March 1, 2024 10:13 AM
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What is the Main Purpose of a Trust?

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By Jacob Sal Linwood
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What is the Main Purpose of a Trust?

The main purpose of a trust is to hold and manage money or property for the benefit of someone else. Typically, it is done by a written document called a trust agreement, which allows you to control how your assets will be used and who receives them in the future. The grantor, or person who creates the trust, can be you or a third party. The trustee is the person or organization responsible for managing the assets of the trust until they are distributed to beneficiaries.

1. The Advantages of a Trust:

A trust is generally used for minimizing estate taxes, protecting assets from creditors and providing liquidity to your heirs during probate, among other reasons. Because they can be customized, they may also offer additional benefits, such as helping to preserve family wealth or passing down a particular set of values.

2. The Disadvantages of a Trust:

A major disadvantage of a trust is that it requires attention to detail and can be complex and expensive. This is especially true if you have more than one type of asset in your trust or want to shelter more than just your home.

3. The Types of Trust:

There are a variety of types of trusts, so it’s important to find the right one for your needs. Some are designed for specific purposes, such as a “purpose trust” or a “living trust.” These types of trusts have their own complexities, so it’s essential to work with a lawyer who understands the law and your needs when creating them.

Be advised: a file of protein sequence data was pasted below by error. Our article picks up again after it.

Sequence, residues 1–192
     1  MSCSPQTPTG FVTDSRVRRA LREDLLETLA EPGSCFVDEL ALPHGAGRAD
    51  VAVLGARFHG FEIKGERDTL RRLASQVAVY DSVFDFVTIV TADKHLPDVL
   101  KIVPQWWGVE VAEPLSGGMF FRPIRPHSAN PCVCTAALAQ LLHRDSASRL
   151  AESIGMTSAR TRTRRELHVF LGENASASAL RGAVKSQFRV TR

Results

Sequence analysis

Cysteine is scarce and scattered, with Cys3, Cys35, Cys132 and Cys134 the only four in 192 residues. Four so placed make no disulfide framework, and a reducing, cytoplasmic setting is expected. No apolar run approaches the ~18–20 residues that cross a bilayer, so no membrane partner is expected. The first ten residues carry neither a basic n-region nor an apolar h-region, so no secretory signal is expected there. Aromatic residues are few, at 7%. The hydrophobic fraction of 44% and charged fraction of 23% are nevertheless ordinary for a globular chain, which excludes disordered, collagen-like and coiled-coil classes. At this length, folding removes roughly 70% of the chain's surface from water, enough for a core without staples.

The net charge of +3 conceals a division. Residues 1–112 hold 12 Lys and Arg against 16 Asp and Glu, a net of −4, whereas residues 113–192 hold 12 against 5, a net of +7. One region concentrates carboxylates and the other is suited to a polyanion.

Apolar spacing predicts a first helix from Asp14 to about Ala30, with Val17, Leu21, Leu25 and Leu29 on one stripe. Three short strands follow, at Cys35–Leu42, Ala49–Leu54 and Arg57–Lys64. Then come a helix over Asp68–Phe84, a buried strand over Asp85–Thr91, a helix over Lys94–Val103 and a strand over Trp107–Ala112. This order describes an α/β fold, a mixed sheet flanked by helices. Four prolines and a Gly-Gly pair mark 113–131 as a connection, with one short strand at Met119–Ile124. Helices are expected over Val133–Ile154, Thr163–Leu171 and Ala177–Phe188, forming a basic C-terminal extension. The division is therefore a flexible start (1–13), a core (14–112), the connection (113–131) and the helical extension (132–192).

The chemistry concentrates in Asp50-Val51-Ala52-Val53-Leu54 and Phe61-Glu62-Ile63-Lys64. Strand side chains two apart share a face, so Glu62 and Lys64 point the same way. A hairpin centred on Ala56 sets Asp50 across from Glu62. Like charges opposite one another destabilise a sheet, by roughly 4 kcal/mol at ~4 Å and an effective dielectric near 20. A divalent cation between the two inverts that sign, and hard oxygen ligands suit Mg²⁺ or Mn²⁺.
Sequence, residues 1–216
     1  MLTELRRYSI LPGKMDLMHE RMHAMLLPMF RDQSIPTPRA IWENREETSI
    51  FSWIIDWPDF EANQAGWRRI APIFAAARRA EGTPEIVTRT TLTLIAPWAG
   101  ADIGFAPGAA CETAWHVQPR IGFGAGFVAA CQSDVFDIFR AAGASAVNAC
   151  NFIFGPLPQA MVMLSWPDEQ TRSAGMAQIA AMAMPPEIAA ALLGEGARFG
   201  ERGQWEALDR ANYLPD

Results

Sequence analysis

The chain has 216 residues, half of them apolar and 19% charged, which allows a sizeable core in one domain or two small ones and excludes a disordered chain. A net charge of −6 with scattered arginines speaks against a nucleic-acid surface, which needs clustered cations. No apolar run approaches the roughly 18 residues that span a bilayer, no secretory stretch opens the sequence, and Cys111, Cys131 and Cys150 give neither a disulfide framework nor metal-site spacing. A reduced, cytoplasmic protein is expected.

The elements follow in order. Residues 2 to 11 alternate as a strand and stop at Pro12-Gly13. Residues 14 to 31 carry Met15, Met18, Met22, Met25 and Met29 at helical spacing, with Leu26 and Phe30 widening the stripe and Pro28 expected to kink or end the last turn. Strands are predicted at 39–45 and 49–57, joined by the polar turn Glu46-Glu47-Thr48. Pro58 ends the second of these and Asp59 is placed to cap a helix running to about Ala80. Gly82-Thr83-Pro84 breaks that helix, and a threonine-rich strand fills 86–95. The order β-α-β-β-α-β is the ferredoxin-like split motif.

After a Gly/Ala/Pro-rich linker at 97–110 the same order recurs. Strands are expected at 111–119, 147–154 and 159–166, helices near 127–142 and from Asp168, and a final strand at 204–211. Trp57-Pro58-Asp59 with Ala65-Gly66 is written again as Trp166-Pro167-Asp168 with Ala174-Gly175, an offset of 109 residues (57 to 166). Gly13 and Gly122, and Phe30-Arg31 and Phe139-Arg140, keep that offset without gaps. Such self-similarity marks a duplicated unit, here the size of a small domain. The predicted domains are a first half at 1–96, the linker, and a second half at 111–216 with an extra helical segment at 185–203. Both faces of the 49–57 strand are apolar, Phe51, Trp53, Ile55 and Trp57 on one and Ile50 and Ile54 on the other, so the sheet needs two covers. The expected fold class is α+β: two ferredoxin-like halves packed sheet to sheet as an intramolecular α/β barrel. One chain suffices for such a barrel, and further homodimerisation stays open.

4. The Trustees:

There must be a qualified and reliable trustee who has the legal authority to manage your trust. Choosing the right people to be your trustees can make all the difference in the world.

5. The Assets in the Trust:

If you have a variety of assets in your trust, it can be difficult to track them all. This can lead to a lot of time and confusion during the process of distributing your estate. A professional estate planning attorney can help you keep track of the trust assets and ensure that they are being distributed in a timely manner.

6. The Beneficiaries:

A trust can be useful in ensuring that certain people have access to your money after you die, such as an underage child or someone with a physical disability. A revocable trust can be used to give a beneficiary the rights to manage the funds in the trust once they reach age 18.

7. The Beneficiaries:

You will need to name your trust beneficiaries. These can be your children, spouse, a parent, another relative or anyone else you want to have access to the trust funds. If you are setting up a trust for the first time, be sure to get professional guidance from a lawyer who can help you create a trustworthy and effective trust fund.

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